Victor Pasmore

Victor Pasmore (Chelsam, 1908 – Malta, 1998) was an English artist and sculptor.

He attended the Harrow School, and showed a strong interest in painting. He was influenced by the French Impressionist painters and by William Turner, whom he discovered at the Tate Gallery of London. In the 1930s, he opened his studio in Devonshire Street, where he also attended the Central School of Arts and Crafts. Afterwards, he moved to London, where he worked as clerk until 1937.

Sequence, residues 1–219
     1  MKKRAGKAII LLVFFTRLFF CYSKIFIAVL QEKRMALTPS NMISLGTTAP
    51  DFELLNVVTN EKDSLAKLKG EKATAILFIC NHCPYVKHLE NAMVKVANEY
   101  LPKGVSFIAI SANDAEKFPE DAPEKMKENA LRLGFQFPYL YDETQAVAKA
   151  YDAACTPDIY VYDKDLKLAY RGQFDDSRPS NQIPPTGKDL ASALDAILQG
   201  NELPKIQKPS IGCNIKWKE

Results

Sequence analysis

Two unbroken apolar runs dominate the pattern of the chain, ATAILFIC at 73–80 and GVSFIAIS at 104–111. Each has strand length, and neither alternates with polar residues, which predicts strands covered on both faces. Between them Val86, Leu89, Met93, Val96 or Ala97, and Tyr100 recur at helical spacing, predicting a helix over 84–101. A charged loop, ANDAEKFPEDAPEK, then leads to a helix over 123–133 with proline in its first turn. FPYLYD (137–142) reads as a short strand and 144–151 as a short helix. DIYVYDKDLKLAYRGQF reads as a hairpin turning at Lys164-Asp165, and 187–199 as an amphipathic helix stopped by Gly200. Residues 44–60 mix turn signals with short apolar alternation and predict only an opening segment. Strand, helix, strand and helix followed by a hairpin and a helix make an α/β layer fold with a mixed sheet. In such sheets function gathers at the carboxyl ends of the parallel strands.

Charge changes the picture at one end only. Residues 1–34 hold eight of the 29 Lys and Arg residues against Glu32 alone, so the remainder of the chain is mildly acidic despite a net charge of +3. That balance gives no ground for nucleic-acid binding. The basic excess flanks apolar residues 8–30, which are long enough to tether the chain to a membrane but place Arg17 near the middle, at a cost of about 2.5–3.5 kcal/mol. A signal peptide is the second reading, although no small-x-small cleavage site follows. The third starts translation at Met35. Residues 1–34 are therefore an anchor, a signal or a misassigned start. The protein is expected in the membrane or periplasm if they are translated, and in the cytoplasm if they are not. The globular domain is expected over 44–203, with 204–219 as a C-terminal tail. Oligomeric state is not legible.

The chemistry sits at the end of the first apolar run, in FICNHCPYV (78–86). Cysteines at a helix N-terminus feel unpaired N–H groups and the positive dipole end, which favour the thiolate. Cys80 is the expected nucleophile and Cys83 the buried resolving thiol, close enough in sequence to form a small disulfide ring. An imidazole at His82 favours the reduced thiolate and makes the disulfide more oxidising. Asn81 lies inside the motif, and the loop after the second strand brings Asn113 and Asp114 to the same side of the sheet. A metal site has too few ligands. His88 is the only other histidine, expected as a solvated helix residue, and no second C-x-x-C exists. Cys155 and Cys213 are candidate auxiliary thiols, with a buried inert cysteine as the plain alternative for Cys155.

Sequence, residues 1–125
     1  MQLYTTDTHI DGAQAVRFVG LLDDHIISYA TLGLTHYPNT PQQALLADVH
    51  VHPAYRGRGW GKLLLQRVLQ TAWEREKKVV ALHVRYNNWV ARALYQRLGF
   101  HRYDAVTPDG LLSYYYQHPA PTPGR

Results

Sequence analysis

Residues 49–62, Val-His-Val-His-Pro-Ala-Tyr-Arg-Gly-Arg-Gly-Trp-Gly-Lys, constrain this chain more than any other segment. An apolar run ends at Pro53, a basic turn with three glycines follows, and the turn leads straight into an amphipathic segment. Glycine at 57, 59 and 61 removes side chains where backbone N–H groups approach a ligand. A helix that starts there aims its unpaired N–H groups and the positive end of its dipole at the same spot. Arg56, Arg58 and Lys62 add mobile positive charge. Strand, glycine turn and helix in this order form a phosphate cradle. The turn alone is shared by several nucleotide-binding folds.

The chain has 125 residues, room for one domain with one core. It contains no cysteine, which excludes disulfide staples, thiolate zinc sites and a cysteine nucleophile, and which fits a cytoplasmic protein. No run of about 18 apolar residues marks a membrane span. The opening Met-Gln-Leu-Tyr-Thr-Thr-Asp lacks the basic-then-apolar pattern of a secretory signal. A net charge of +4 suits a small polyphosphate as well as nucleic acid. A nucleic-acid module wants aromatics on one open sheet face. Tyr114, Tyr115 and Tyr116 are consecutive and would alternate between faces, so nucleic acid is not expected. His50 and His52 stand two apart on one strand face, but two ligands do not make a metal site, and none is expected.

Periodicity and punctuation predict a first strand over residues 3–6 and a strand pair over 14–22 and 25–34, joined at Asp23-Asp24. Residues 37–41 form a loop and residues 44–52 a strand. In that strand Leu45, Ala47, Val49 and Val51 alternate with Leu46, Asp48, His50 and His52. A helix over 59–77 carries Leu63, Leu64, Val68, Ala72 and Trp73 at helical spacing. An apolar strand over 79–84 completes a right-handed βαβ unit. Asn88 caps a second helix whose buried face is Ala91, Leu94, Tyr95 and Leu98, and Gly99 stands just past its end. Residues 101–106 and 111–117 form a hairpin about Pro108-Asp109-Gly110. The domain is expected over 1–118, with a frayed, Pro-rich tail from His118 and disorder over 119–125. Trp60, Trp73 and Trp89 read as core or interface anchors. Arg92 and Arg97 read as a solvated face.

In 1933, he was elected member of the London Artist’s Association, headed by Roger Fry. In the same year, he exhibited his works for the first time at the Association’s Cooling Galleries in Bond Street. In 1937, he founded a school with other English artists (like Graham Bell, William Coldstream, and Claude Rogers). In 1945-46, he moved to Blackheath, where he began experimenting with pure abstract forms influenced by Kandinsky, Arp, and Mondrian. In 1960, he represented Britain at the Venice Biennal with a retrospective exhibition. During the 1960s, he began realizing graphic works. In 1976, he won the Grand Prix d’Honneur at the International Graphics Biennal of Ljubljana. In 1999, the Marlborough Fine Art Museum in London dedicated to him an important retrospective in his memory.

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